Anna Paige is a writer, photographer, and educator and the co-founder of Billings Area Literary Arts, an organization dedicated to building and enhancing literary arts in and eastern Montana. Read More >>>
A sign hung on the Shrine Box Office window last night said it all: “Dropkick Murphys Show Sold Out.”
Inside, standing in line for beer was like being in a mosh pit. The actual mosh pit was enough to make the floor of the Shrine Auditorium (less of an auditorium and more of a high school gymnasium) buckle under the weight of a couple thousand fans. The last time that gym saw that many people, Keith Urban was playing, and his crowd doesn’t do the Riverdance.
With a vengeful opening, the boys of Boston–bagpipes and all–unfurled their Celtic banner and plowed onstage, diving into the red stage lights. The myriad of fans broke into cheers and the band began a engrossing set of boisterous punk rock fused with their trademark Celtic melodies. The seven-piece band engulfed the stage; their lyrics sloshed perfectly with the exuberant crowd and their energy kept the gym buzzing.
A handful of people weren’t there to see the Dropkicks, as evident by their mass exodus following opening band H2O’s performance.
The melodic New York hardcore band, which developed a core following in the late 1990s, recently reformed and hit the road. Ten years older and claiming they’re not on a comeback, the band is touring in support of 2008’s “Nothing to Prove.”
With nothing to prove and a slew of covers ranging from Fugazi to Black Sabbath, the band was 10 years riper, and arguably past their prime.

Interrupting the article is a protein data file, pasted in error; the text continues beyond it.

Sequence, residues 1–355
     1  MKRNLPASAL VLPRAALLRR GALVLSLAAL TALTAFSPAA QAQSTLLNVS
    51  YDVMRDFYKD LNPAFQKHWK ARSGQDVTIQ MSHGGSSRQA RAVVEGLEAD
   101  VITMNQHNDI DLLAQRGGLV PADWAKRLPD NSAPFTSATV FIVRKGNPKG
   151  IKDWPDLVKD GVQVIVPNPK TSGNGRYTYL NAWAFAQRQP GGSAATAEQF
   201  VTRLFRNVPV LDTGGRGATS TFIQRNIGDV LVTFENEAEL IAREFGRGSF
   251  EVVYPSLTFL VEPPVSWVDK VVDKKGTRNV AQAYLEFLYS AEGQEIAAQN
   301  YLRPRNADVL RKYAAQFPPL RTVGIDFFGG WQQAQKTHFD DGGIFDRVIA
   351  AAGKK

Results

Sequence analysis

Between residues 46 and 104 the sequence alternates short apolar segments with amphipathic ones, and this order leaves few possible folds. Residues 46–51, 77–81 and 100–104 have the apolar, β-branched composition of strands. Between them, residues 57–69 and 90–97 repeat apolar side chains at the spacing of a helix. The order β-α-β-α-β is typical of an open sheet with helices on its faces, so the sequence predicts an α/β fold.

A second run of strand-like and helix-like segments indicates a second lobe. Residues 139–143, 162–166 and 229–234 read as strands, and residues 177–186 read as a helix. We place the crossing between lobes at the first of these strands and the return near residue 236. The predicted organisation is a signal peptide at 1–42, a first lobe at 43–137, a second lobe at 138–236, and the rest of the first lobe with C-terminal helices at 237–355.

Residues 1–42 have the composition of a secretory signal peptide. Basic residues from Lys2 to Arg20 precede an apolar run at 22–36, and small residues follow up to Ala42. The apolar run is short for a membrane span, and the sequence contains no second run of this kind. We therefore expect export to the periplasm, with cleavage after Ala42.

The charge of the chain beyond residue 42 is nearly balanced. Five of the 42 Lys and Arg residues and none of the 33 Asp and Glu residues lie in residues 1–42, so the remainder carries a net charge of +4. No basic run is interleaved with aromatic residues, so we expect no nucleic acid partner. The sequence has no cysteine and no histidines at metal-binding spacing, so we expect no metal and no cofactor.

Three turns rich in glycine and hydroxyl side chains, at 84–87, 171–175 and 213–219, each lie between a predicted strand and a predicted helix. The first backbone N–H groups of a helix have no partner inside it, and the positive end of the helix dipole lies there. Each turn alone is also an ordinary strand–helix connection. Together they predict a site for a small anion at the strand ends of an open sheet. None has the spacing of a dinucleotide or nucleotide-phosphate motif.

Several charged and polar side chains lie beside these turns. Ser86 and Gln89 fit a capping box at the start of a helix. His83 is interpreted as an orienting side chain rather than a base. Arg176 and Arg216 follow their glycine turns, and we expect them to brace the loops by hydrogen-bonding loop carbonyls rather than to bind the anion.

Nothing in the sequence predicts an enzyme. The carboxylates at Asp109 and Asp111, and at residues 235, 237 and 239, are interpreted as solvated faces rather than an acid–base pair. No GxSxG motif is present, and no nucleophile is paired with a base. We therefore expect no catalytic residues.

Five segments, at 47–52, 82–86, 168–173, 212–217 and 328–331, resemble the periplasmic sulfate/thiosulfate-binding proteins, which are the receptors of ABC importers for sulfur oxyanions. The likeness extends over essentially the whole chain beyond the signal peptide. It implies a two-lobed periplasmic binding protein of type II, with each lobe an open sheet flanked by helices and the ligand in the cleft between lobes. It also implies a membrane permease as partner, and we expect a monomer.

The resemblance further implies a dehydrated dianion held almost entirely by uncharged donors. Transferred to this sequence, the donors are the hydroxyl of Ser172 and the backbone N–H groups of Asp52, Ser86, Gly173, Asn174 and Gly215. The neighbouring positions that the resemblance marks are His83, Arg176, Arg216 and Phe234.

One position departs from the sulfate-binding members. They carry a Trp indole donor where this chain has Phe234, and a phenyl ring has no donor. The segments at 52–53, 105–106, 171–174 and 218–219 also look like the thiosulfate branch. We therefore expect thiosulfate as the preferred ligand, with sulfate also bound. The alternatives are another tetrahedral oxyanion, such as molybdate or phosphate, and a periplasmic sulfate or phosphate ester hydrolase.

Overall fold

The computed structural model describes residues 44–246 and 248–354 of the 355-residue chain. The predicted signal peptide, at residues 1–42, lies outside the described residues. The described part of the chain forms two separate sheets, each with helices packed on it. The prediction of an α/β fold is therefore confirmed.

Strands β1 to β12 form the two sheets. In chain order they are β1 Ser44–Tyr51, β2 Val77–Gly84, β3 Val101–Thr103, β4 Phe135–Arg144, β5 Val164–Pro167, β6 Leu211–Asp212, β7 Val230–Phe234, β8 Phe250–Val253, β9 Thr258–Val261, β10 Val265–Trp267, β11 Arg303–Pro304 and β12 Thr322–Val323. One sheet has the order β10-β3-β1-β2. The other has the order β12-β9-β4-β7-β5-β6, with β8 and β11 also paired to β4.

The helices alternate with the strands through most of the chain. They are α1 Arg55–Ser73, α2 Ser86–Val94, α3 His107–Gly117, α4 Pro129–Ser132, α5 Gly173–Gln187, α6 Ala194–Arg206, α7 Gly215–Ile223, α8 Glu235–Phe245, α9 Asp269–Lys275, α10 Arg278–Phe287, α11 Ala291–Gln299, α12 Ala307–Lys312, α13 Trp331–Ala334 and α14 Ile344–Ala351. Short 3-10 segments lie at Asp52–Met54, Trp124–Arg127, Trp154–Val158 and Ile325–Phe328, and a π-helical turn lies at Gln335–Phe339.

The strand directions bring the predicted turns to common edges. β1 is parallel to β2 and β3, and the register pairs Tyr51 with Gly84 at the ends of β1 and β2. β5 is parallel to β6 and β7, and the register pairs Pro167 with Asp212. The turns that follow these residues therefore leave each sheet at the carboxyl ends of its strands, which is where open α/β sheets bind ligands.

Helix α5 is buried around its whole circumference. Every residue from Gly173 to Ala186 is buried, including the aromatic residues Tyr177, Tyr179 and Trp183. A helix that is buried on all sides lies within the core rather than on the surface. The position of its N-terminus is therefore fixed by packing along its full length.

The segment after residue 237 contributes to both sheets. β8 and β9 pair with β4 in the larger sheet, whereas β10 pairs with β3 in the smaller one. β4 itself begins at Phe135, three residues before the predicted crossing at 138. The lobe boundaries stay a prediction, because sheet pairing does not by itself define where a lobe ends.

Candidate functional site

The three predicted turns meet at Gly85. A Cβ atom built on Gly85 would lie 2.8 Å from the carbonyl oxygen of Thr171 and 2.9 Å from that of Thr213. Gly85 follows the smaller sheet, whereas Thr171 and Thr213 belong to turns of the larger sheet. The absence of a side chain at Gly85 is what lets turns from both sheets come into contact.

Recycling the worst parts of the 80s (or the best, depending on whom you’re talking to), many members of the sold-out crowd at Friday’s Girl Talk concert at the Gallatin County Fairgrounds in Bozeman were there for one reason: to dress like was 1982.
Slinky tops with exposed bras, pink fishnet tights, glow-stick bracelets and stunner shades were all the rage. Complete with pink-rimmed sunglasses with baby blue legs, a blonde chatting incessantly with her circle of gals, glitter and glam dripping from them, mentioned proudly, “I got them at Hot Topic.”
Attendees weren’t all leg warmers and leotards, though. The metal-barn-turned-venue was packed to capacity. Some leaned on the ropes that separate the rodeo stands from the dirt floor, some kicked up dust in the arena, and many hung out in the makeshift bullpen for the 21+ crowd.
When Girl Talk’s signature riffs filled the arena, starting with “Once Again,” the crowd let up a cheer. Dashing through the mob, people pushed to get closer to Gillis. A hand-selected group surrounded Gillis on stage; burly bouncers with arms crossed kept the rest of the crowd from doing the same.
Gillis closed with “Play Your Pt. 2” and a lovely sing-along mashup from the 70s and 80s, and then the sweaty crowd filed out of the barn. “I have your shirt,” a guy yelled across the metal building to a girl shambling along in her bra. Others embraced in the aftermath, bathing in their love of modern hiphop mashed with artists making music before many of them were born.
Welcome to the 5:02. You may have followed me at 501blog.com. After a stint in the corporate newspaper world, I found myself with an ignited desire to create my own place.
This blog will be home to my concert reviews, band interviews, regional indie arts coverage, thoughts on new media and the future of the dead tree medium, as well as personal musings as I progress through this freelance life.
If you’re a follower, welcome to my new home. If you’re new to my work, have a look around. I hope you’ll return.